On a cold and rainy Veterans Day in 2000, a crowd of over a thousand people gathered at the Ellis County Civic Center in Waxahachie, Texas. They came in tribute to veterans past and present to dedicate a beautiful monument honoring their service. One of those in attendance, scheduled to speak, was a Vietnam veteran with tears in his eyes at the sight of so many. Never having experienced such an event, he was simply overwhelmed with emotion.
This memorial and its corresponding ceremony were a combined effort, over a decade in time, by two initial residents who wondered why the single monument in town honored only their Civil War veterans. In the nearly thirteen years since its dedication, this annual Ellis County Veterans Appreciation Day has grown in leaps and bounds to create a truly remarkable occasion. It addresses our military conflicts from WWI to the War on Terror and includes all branches of service.
Patriotic emotions are stirred by a swing band’s music and song relevant to each era, while the annual reading of a veteran’s story, accompanied by photos, is a visceral reminder of their commitment and character. Giant screens reflect 700 poignant images of military men and women over the years, as well as a Memorial of young faces, frozen in time, who have paid the ultimate sacrifice. As emblems and songs are presented for each branch, veterans are asked to stand, if able, and meet heart-felt applause in appreciation. The oldest representative this past year, 102 years of age, joined the others in rising.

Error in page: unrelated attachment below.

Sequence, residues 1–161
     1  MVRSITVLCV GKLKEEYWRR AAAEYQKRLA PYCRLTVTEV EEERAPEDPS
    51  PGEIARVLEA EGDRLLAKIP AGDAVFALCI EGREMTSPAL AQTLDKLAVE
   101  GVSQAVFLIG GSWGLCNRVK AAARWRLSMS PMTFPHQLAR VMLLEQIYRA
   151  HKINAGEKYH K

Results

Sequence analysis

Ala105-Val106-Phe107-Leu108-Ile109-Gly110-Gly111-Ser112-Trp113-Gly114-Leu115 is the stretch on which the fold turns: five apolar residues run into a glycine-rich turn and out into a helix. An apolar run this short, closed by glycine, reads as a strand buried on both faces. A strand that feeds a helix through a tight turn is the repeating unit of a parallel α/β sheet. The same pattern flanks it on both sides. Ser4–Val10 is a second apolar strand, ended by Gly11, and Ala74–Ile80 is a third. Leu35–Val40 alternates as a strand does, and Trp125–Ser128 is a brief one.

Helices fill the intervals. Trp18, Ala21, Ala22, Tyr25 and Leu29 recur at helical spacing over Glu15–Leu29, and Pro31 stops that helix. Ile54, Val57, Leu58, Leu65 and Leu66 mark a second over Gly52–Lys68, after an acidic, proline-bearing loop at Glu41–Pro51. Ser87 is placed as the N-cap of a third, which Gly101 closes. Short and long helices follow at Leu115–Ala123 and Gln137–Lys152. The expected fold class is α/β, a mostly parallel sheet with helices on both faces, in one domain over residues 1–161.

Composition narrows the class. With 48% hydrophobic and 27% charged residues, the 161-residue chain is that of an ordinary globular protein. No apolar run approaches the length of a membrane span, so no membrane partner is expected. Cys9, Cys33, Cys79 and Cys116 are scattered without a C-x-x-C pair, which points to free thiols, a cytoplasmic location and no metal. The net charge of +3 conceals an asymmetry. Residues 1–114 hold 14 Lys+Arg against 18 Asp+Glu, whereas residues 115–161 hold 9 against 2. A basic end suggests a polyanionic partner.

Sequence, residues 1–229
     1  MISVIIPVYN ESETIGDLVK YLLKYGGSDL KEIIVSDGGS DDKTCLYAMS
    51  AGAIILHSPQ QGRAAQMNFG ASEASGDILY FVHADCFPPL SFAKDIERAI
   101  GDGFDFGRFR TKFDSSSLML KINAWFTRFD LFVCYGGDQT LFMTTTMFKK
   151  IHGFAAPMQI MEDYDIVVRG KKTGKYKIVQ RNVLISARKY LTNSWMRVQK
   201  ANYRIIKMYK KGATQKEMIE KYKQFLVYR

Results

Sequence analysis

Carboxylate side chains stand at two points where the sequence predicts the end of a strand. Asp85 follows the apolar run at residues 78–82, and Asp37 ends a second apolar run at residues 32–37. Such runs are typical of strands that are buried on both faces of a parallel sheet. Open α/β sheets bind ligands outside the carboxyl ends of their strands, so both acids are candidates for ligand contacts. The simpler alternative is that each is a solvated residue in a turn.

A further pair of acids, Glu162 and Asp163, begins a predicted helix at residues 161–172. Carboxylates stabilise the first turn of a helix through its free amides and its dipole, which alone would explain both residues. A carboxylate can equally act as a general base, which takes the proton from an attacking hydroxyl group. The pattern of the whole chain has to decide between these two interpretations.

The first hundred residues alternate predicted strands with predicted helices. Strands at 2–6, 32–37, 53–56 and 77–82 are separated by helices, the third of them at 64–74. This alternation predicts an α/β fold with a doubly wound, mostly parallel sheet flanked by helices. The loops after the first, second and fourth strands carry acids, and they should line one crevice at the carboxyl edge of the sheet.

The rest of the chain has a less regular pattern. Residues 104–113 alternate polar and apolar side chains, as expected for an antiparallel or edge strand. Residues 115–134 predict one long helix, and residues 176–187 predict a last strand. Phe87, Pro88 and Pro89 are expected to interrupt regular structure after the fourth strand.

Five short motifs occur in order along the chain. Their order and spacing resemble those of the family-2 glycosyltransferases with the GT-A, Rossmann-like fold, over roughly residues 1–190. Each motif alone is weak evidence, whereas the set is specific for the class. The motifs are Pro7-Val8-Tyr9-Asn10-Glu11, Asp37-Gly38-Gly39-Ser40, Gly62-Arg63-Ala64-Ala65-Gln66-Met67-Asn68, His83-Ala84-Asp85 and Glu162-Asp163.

In creating this yearly observance as a moving acknowledgment to our military forces, a committee and 100 volunteers donate countless hours of effort and describe as the highlight of their year. Participants include – among others – the Department of Public Safety, Texas Civil Defense, civic and military representatives, church and auxiliary groups, Boy Scouts, and ordinary citizens. The program’s music and images address the mood, triumphs, and sacrifice in our nation’s history. The processions and audience participation reflect a joint endeavor by multiple groups in celebration and remembrance. A military fly over of vintage aircraft and the laying of a wreath concludes a heartfelt and inspirational ceremony.
Appreciation from veterans for this tribute is evident each and every year. Following the program’s conclusion in 2011, a WWII veteran slowly made his way to the Co-Chairman and thanked him repeatedly with both hands gripping his in a fervent hand-shake. He had tears in his eyes and emotion somewhat out of character to someone who had known him for 40 years. The Co-Chairman, a guardian with him on an Honor Flight to Washington, D.C. the year before, would never see him again. The veteran died suddenly four weeks later.
“We were soldiers once and young… Remember us.”